This results in a printed “Hello world” message.

Here’s the dependency graph of Stage 1:

Dependency graph for hello-world displays a single target with a single source file.

Summary: stage 1

Now that you have completed your first build, you have a basic idea of how a build is structured. In the next stage, you will add complexity by adding another target.

Stage 2: multiple build targets

While a single target is sufficient for small projects, you may want to split larger projects into multiple targets and packages. This allows for fast incremental builds – that is, Bazel only rebuilds what's changed – and speeds up your builds by building multiple parts of a project at once. This stage of the tutorial adds a target, and the next adds a package.

This is the directory you are working with for Stage 2:

    ├──stage2
    │  ├── main
    │  │   ├── BUILD
    │  │   ├── hello-world.cc
    │  │   ├── hello-greet.cc
    │  │   └── hello-greet.h
    │  └── WORKSPACE

Take a look below at the BUILD file in the cpp-tutorial/stage2/main directory:

cc_library(
    name = "hello-greet",
    srcs = ["hello-greet.cc"],
    hdrs = ["hello-greet.h"],
)

cc_binary(
    name = "hello-world",
    srcs = ["hello-world.cc"],
    deps = [
        ":hello-greet",
    ],
)

With this BUILD file, Bazel first builds the hello-greet library (using Bazel's built-in cc_library rule), then the hello-world binary. The deps attribute in the hello-world target tells Bazel that the hello-greet library is required to build the hello-world binary.

Before you can build this new version of the project, you need to change directories, switching to the cpp-tutorial/stage2 directory by running:

cd ../stage2

Now you can build the new binary using the following familiar command:

bazel build //main:hello-world

Once again, Bazel produces something that looks like this:

INFO: Found 1 target...
Target //main:hello-world up-to-date:
  bazel-bin/main/hello-world
INFO: Elapsed time: 2.399s, Critical Path: 0.30s

Now you can test your freshly built binary, which returns another “Hello world”:

bazel-bin/main/hello-world

If you now modify hello-greet.cc and rebuild the project, Bazel only recompiles that file.

Looking at the dependency graph, you can see that hello-world depends on the same inputs as it did before, but the structure of the build is different:

Dependency graph for `hello-world` displays structure changes after modification to the file.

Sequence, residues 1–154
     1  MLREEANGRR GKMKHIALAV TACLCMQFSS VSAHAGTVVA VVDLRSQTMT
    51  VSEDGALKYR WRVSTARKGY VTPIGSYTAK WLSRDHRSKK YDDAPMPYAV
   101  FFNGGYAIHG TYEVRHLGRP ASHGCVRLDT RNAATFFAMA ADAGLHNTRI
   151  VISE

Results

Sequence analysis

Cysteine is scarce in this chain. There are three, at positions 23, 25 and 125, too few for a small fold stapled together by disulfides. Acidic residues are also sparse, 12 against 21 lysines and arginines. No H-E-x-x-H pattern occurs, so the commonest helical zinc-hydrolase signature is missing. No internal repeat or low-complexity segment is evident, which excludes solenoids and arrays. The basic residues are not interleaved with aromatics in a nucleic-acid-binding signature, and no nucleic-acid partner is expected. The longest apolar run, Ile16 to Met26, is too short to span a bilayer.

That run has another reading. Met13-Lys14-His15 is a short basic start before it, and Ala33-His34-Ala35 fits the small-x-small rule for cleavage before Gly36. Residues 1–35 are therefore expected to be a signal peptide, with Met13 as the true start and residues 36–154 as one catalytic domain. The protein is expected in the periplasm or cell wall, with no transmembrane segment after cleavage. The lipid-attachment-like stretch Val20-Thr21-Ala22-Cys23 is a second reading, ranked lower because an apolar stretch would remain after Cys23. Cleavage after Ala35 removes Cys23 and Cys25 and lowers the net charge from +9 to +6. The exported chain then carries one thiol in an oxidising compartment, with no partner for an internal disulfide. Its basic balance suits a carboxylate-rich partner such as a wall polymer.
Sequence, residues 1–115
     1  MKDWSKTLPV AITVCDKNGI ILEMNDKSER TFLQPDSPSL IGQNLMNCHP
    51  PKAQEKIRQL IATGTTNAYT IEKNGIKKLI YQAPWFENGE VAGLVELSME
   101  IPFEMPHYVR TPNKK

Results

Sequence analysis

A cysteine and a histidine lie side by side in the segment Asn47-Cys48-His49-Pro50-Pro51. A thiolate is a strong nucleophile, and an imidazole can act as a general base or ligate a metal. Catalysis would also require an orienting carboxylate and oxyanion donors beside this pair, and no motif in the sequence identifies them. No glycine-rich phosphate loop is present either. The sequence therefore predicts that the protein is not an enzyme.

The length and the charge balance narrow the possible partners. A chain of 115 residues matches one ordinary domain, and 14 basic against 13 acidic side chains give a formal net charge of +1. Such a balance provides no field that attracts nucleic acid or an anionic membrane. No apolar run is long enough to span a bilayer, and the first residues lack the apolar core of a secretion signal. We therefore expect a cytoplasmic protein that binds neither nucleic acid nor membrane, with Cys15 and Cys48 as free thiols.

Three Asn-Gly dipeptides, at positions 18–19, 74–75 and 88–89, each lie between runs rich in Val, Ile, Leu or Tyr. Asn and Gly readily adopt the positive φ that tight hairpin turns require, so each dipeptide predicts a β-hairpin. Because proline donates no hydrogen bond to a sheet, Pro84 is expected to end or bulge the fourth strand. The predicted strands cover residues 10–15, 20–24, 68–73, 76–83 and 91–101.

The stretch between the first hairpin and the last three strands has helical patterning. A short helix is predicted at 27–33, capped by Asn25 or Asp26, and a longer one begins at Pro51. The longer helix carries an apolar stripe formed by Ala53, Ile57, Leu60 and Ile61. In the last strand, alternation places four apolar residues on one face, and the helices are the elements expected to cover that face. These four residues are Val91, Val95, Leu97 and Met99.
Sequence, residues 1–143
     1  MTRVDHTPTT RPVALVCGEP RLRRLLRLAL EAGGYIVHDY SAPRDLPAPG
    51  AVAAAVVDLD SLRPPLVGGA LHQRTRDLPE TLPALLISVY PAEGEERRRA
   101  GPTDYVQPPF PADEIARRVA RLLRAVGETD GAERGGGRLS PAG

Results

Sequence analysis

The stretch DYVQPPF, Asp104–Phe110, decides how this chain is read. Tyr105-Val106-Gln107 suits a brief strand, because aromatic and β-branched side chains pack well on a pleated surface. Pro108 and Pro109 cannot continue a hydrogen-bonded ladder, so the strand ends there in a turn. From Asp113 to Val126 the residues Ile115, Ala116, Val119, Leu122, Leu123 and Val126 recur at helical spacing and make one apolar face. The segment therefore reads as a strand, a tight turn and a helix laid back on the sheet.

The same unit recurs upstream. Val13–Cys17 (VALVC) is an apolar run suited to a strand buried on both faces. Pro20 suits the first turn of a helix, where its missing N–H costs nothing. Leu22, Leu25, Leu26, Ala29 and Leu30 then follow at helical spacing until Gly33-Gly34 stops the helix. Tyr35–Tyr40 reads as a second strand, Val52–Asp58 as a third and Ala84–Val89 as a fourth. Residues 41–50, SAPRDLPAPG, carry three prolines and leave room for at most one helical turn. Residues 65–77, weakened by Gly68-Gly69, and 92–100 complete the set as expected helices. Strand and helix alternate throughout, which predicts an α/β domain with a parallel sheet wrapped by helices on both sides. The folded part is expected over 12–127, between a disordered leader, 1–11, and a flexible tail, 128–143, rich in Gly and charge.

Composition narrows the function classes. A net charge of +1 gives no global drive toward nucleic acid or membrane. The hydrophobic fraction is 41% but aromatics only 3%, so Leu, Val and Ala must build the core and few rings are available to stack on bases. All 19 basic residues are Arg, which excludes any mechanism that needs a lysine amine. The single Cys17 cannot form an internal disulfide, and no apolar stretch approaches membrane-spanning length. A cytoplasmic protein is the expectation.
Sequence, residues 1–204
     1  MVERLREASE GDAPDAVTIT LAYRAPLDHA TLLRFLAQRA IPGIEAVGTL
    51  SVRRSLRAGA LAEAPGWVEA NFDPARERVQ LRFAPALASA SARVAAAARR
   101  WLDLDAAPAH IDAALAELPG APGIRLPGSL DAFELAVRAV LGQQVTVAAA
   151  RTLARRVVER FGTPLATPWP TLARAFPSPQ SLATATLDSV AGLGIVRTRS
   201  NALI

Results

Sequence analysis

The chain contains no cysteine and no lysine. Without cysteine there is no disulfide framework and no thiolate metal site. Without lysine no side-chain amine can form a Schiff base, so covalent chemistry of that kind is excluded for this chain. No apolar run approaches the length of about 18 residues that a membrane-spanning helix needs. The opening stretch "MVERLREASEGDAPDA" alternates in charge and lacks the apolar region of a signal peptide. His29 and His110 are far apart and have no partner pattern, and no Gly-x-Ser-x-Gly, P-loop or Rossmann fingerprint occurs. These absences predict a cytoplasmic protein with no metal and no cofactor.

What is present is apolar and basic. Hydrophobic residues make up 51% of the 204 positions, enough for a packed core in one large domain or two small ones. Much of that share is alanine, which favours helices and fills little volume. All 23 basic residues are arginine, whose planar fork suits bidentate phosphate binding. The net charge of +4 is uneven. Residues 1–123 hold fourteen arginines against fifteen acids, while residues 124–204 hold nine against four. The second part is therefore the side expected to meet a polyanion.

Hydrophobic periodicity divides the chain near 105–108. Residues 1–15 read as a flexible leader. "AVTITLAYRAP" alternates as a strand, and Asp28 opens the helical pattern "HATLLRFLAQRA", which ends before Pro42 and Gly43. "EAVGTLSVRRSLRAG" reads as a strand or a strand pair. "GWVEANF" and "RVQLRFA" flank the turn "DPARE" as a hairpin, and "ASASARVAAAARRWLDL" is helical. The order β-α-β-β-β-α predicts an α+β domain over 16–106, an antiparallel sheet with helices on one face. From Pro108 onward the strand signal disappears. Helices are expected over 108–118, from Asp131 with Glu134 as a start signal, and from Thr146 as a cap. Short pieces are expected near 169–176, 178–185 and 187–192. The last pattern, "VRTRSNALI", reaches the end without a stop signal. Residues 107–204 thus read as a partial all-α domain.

Summary: stage 2

You've now built the project with two targets. The hello-world target builds one source file and depends on one other target (//main:hello-greet), which builds two additional source files. In the next section, take it a step further and add another package.

Stage 3: multiple packages

This next stage adds another layer of complication and builds a project with multiple packages. Take a look below at the structure and contents of the cpp-tutorial/stage3 directory:

└──stage3
   ├── main
   │   ├── BUILD
   │   ├── hello-world.cc
   │   ├── hello-greet.cc
   │   └── hello-greet.h
   ├── lib
   │   ├── BUILD
   │   ├── hello-time.cc
   │   └── hello-time.h
   └── WORKSPACE

You can see that now there are two sub-directories, and each contains a BUILD file. Therefore, to Bazel, the workspace now contains two packages: lib and main.

Take a look at the lib/BUILD file:

cc_library(
    name = "hello-time",
    srcs = ["hello-time.cc"],
    hdrs = ["hello-time.h"],
    visibility = ["//main:__pkg__"],
)

And at the main/BUILD file:

cc_library(
    name = "hello-greet",
    srcs = ["hello-greet.cc"],
    hdrs = ["hello-greet.h"],
)

cc_binary(
    name = "hello-world",
    srcs = ["hello-world.cc"],
    deps = [
        ":hello-greet",
        "//lib:hello-time",
    ],
)

The hello-world target in the main package depends on thehello-time target in the lib package (hence the target label //lib:hello-time) - Bazel knows this through the deps attribute. You can see this reflected in the dependency graph:

Dependency graph for `hello-world` displays how the target in the main package depends on the target in the `lib` package.

For the build to succeed, you make the //lib:hello-time target in lib/BUILD explicitly visible to targets in main/BUILD using the visibility attribute. This is because by default targets are only visible to other targets in the same BUILD file. Bazel uses target visibility to prevent issues such as libraries containing implementation details leaking into public APIs.

Now build this final version of the project. Switch to the cpp-tutorial/stage3 directory by running:

cd  ../stage3

Once again, run the following command:

bazel build //main:hello-world

Bazel produces something that looks like this:

INFO: Found 1 target...
Target //main:hello-world up-to-date:
  bazel-bin/main/hello-world
INFO: Elapsed time: 0.167s, Critical Path: 0.00s

Now test the last binary of this tutorial for a final Hello world message:

bazel-bin/main/hello-world

Summary: stage 3

You've now built the project as two packages with three targets and understand the dependencies between them, which equips you to go forth and build future projects with Bazel. In the next section, take a look at how to continue your Bazel journey.

Next steps

You’ve now completed your first basic build with Bazel, but this is just the start. Here are some more resources to continue learning with Bazel:

Happy building!